The team at Orthogone includes people with varied backgrounds and specialties. Nik Henri, FPGA designer, joined the team in 2019 with experience doing FPGA design for companies in the telecommunications and aviation industries.
“What makes FPGA design at Orthogone really interesting is how the variety of industries and projects force you to adapt out of your comfort zone – that’s where you grow the most.”
In this Q&A session, Nik tells us why he decided to become an FPGA designer, and shares what he likes most about working at Orthogone.
A: When I was first studying computer systems, we built systems using microcontrollers. To produce the desired effect, you had to follow a “recipe.” If you did it right, it worked, which was great… but I felt like an end user. When I started to do FPGA I moved to the other side, I was the one who dictated how the system was going to work. I liked being able to control everything, every transition. With FPGA you build everything from scratch; a chip doesn’t come with recipes telling you how to make it work. For me, learning everything, every byte was interesting. That’s a big part of why I switched to FPGA design and got my master’s degree at ÉTS (École de technologie supérieure).
I had an inclination for art, so I had to decide between art and engineering. For most people those are two very different fields, but for me, they’re similar. In art you’re given a requirement; for example, design a contemporary style house. So you use all your talent and creativity to design the house according to that requirement. In FPGA design it’s the same thing, you have requirements and you use your knowledge and creativity to produce the design according to the requirements.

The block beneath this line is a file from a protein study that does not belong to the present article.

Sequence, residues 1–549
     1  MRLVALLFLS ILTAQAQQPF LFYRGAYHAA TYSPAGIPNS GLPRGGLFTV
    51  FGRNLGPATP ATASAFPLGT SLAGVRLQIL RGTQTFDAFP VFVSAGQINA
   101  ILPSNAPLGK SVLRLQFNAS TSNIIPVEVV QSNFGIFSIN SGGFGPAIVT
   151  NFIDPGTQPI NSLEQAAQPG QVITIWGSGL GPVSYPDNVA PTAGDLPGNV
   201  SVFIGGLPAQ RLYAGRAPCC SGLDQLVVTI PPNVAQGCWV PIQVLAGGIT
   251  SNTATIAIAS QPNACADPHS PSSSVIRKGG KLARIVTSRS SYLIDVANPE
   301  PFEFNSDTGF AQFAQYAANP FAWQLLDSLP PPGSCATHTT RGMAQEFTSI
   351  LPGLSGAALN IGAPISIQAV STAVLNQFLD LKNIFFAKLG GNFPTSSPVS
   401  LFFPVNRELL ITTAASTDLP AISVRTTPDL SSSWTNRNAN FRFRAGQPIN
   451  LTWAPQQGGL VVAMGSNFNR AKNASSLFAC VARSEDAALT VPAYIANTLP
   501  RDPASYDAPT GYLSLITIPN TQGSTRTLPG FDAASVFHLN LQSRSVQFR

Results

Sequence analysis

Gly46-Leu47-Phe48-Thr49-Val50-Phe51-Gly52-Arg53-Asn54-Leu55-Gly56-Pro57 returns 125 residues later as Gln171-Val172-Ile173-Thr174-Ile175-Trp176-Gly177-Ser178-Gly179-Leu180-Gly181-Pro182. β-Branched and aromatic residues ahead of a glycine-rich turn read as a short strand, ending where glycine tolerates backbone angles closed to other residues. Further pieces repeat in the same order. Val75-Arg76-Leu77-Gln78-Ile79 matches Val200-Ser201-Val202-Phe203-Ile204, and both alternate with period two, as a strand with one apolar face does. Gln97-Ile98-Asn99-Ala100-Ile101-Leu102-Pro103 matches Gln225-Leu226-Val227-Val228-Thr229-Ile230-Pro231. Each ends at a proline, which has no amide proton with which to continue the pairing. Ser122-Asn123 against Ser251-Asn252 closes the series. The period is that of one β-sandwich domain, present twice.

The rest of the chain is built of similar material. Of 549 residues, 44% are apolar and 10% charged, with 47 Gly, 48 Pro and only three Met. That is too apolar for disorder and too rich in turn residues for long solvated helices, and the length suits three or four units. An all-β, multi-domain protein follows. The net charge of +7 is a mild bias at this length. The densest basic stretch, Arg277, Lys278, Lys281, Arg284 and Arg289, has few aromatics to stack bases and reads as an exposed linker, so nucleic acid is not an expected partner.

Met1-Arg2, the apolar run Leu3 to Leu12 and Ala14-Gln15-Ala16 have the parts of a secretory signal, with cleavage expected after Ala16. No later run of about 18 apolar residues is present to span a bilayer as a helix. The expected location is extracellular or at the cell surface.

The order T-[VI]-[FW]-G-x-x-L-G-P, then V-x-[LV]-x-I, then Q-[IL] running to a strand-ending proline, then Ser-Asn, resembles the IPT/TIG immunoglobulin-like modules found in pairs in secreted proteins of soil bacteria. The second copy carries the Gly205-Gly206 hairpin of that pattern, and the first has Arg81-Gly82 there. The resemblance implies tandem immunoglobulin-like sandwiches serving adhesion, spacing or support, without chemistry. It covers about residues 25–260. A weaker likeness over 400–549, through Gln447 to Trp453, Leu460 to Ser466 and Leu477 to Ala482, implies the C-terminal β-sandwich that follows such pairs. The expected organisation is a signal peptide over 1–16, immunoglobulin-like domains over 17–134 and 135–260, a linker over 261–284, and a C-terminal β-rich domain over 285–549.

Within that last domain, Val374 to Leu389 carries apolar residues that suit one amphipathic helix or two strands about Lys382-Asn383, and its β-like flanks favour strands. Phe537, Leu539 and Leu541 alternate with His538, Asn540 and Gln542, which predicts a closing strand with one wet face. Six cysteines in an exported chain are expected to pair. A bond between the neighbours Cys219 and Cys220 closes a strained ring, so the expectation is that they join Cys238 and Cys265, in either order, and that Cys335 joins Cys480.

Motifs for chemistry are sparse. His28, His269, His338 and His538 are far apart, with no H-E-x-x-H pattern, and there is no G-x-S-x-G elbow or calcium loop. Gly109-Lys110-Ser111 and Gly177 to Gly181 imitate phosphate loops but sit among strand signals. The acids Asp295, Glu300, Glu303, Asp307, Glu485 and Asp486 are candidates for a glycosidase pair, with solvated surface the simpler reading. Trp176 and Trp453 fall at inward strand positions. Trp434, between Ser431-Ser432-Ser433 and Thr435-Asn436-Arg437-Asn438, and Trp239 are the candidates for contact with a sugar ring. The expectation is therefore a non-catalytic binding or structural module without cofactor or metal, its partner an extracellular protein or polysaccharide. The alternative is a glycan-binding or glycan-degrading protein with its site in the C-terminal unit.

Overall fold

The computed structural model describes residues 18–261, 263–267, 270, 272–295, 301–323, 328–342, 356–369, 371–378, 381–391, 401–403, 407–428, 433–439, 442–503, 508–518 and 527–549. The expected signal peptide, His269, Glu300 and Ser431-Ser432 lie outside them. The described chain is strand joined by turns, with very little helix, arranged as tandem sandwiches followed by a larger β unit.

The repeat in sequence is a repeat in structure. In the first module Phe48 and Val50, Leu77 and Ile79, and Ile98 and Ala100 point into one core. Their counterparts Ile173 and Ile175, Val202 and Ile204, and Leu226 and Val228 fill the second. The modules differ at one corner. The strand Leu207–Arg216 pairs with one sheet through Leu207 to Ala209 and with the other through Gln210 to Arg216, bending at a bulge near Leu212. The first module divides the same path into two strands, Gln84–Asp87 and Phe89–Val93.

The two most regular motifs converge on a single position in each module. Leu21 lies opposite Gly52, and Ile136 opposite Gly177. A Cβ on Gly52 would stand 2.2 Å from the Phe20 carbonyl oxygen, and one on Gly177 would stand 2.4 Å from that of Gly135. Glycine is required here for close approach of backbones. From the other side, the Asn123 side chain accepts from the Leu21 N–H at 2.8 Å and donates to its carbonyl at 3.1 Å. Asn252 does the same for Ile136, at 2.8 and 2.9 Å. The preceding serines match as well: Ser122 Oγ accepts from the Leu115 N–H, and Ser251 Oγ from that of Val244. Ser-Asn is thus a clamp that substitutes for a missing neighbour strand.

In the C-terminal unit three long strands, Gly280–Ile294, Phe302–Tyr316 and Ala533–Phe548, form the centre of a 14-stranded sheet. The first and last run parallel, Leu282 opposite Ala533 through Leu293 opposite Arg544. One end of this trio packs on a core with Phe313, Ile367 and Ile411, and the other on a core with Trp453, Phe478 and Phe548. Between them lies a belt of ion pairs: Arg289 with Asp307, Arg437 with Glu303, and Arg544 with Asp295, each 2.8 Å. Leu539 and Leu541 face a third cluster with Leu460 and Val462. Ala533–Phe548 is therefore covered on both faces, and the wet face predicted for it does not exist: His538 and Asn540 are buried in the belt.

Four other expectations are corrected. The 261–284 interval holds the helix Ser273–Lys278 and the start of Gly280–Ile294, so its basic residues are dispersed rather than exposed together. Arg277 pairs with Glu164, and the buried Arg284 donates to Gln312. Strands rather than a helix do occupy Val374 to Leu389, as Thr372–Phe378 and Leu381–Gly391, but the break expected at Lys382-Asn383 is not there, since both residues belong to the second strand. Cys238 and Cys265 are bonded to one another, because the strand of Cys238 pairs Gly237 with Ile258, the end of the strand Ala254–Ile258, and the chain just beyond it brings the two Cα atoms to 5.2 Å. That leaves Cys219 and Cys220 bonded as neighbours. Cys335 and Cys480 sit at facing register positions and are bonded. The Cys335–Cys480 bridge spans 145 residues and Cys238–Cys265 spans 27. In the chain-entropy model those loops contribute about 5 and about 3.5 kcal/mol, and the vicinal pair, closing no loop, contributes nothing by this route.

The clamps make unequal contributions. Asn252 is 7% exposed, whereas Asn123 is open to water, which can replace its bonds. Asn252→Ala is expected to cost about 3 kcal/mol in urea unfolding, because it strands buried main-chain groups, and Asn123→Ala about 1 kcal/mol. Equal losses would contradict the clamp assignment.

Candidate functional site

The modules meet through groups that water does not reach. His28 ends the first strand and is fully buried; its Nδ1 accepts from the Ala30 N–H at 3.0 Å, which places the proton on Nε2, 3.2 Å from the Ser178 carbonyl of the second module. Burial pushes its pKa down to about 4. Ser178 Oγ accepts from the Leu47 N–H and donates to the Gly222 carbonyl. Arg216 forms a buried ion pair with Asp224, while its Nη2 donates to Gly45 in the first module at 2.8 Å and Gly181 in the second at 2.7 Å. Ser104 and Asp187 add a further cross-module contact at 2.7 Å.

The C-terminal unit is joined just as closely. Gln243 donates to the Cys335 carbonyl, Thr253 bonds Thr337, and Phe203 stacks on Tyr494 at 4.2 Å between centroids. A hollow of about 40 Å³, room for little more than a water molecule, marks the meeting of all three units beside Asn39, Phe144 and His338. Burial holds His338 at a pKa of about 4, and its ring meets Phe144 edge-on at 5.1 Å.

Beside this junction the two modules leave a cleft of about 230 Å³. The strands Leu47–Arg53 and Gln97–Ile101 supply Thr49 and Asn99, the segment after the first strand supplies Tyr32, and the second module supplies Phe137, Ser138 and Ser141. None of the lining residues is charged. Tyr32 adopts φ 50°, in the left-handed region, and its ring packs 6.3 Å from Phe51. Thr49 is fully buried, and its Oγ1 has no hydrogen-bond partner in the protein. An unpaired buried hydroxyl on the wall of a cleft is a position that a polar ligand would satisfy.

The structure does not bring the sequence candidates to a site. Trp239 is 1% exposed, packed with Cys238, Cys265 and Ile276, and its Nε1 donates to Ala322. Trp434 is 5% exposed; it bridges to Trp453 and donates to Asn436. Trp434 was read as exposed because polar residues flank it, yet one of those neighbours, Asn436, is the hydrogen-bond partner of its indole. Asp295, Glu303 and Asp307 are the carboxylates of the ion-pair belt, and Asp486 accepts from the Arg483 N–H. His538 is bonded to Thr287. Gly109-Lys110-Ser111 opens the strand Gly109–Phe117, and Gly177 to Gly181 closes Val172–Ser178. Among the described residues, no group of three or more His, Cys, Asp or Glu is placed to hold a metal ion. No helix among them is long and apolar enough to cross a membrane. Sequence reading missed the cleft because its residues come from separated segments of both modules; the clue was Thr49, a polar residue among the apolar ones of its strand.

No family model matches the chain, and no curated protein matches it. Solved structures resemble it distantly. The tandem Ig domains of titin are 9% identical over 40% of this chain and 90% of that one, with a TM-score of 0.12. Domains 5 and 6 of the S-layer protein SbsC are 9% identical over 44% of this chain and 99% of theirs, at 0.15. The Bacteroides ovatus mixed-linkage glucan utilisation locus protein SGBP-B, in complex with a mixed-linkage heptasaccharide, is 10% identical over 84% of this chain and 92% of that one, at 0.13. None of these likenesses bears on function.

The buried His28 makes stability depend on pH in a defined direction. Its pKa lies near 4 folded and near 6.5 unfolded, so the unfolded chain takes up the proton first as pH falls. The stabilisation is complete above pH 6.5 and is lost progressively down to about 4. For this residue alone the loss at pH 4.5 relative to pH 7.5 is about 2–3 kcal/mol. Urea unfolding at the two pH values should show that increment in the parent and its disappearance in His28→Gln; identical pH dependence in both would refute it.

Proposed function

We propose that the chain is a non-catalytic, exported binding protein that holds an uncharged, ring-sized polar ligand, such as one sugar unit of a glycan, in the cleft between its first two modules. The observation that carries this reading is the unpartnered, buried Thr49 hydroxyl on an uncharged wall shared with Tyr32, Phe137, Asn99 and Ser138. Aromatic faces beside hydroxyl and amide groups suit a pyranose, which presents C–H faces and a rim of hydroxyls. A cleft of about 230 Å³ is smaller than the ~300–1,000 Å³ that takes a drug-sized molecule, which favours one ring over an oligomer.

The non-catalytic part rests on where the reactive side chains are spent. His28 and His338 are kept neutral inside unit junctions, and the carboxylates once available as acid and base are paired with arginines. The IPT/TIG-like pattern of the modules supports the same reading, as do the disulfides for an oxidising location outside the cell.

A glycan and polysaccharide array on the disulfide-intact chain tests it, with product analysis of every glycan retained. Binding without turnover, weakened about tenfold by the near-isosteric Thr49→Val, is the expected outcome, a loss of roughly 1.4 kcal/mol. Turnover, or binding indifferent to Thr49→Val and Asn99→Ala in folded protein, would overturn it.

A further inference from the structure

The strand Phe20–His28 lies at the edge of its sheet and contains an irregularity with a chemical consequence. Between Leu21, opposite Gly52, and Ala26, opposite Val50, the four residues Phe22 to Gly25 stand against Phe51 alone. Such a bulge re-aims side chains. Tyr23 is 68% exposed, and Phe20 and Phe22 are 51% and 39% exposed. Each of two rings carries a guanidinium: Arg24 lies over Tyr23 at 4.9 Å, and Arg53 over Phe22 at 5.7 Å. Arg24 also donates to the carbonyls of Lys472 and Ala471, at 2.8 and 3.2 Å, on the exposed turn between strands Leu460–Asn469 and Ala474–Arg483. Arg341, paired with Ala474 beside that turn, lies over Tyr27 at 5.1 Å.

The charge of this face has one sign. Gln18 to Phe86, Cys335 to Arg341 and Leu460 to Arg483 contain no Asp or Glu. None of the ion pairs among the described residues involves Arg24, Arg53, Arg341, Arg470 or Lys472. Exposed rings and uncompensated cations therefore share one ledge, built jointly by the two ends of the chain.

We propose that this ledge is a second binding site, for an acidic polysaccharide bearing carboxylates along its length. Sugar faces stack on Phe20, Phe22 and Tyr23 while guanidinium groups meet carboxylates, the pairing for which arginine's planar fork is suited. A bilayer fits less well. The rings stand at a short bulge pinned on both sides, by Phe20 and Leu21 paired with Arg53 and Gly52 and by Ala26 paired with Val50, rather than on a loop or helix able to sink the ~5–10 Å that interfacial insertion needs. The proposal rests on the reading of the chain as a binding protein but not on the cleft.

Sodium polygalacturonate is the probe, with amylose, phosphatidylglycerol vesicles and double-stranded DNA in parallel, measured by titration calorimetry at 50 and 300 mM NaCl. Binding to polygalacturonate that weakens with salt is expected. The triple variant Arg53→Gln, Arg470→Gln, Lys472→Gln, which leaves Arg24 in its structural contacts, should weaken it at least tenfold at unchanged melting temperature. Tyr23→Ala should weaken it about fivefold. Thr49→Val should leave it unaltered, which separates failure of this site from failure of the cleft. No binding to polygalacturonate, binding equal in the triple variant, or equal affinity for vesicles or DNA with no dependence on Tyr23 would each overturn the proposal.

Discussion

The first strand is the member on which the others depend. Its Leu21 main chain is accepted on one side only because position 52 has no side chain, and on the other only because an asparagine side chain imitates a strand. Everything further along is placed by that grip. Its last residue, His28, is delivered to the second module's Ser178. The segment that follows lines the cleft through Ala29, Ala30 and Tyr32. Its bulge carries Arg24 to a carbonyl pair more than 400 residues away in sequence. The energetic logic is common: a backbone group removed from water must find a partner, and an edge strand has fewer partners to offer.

A: When I used to give the FPGA introduction class at ÉTS university, it took students a lot of time to understand that you don’t do programming; you’re not coding FPGA. You use Verilog and VHDL hardware description languages (HDLs). You’re not writing a program, you’re describing something. The end product is a circuit, not a program. It’s important for students to understand that idea because it’s the main difference between FPGA and everything else.
A: The thing that I like the most is the challenging nature of the projects. When a company needs Orthogone’s expertise to accomplish something it’s because the project presents a high level of difficulty.
And, it’s intellectually stimulating to work on different projects. The variety of industries and products forces you to adapt and see new perspectives. When I was in telecommunications, the portable product I worked on had to be very fast, but not use too much power. In aviation, safety was critical; speed wasn’t as important. We could triple the logic to be safe even though it wasn’t efficient. Then, for a product I worked on at Orthogone, we had to reduce latency. So I had to change my thinking; response time had to be optimized over power and safety.
For each project I’m doing FPGA design. But, the way I think has to be different, so it’s always an interesting challenge. The variety allows me to do what I love, and see FPGA design from different perspectives.